Oil is another issue. Of course, oil is a “consumption commodity” so if China is not using as much as it was, and the country was using a bunch as it beefed up its infrastructure, there is bound to be a decrease in price. Errors regarding China’s continued demand for oil may have led to an overestimation, and this meant that the price was affected. Morgan Stanley says that oil could go as low as $20 a barrel. This is not surprising given that oil has already dipped under $30 a gallon in recent days – it was the first time that had happened in 12 years. Economist Hung Tran of the Institute of International Finance says that commodity prices rose 80 percent from 1999 to 2011. The assumption was that China had an appetite for raw materials that could not be quelled. Now price indexes are 50 percent down from their peak.

Strong employment will help, but as the stock markets become more volatile, there is a risk of a “negative wealth effect” in which people feel poorer because of higher interest rates or a declining stock portfolio, so they spend less even though they still make as much money as before. The Washington Post notes that the wealth effect for stocks can be as high as 12 cents, and that is bound to have an effect on company earnings and stock prices by extension.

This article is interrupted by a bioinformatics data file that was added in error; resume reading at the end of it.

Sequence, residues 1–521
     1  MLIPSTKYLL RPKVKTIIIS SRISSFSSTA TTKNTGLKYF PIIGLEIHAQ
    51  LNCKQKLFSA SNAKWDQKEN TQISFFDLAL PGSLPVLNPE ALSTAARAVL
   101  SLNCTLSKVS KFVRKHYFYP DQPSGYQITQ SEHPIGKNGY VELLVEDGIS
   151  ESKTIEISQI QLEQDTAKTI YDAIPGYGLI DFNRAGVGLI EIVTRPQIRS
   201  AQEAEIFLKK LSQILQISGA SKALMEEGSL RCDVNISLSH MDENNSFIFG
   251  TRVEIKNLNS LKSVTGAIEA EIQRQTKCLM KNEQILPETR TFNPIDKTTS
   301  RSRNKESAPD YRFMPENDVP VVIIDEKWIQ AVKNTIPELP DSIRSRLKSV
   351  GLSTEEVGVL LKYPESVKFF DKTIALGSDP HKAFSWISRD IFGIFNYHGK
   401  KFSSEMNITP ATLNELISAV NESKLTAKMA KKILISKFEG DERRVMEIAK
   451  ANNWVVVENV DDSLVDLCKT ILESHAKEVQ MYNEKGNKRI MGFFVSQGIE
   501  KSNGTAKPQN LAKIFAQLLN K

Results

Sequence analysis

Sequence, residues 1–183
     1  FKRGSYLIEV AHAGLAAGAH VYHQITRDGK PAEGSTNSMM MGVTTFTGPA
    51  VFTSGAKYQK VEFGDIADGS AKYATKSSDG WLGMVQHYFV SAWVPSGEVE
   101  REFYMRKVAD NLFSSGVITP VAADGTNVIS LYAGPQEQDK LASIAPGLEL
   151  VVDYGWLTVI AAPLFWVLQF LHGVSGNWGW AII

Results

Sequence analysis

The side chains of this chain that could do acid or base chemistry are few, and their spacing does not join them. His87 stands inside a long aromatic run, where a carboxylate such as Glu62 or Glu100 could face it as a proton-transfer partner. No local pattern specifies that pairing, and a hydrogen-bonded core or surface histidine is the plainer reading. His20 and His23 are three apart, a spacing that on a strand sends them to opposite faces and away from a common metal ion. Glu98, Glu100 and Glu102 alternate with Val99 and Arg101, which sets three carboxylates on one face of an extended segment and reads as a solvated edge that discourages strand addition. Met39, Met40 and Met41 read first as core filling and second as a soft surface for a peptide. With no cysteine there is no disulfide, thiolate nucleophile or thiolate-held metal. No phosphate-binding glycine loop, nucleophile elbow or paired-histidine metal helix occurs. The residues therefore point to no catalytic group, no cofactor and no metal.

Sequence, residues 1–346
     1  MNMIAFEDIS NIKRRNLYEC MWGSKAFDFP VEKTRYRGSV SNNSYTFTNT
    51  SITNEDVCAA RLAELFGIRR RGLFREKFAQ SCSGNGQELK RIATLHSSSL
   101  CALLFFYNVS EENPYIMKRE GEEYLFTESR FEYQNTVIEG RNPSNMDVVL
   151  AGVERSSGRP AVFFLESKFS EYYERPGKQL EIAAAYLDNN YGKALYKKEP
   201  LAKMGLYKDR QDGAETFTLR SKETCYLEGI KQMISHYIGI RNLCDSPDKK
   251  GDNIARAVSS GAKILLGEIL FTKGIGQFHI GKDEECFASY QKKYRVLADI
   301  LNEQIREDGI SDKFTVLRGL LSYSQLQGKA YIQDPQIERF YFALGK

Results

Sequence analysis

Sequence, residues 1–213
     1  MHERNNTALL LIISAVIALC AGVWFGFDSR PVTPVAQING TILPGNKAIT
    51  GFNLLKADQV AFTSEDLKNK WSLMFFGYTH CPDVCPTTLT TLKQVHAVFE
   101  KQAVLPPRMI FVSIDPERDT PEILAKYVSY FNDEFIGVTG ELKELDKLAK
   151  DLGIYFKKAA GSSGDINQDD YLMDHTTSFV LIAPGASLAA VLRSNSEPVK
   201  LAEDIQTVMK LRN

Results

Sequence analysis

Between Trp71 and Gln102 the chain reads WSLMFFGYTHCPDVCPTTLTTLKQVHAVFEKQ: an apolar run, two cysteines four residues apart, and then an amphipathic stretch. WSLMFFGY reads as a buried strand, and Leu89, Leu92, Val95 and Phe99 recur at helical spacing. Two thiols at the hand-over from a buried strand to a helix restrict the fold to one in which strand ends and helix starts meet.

The Bottom Line

The takeaway is that what goes up must come down – and investors should keep in mind that no investment rises in perpetuum – but fears over the state of the global economy are going to cause some market inefficiencies that a sophisticated investor can exploit to advantage.

Renee Ann Breiten

Renee Ann Breiten is a freelance finance writer and former management consultant with over 15 years of experience in business management and strategy. She earned an MBA in financial management from Exeter in 2007 and has enjoyed a variety of international business experiences, working primarily in England and Australia. Breiten's work is centered on technology, consumer trends, and investing strategies. Her writing has appeared on TheStreet, Marketwatch, Insider Monkey, Seeking Alpha and Motley Fool.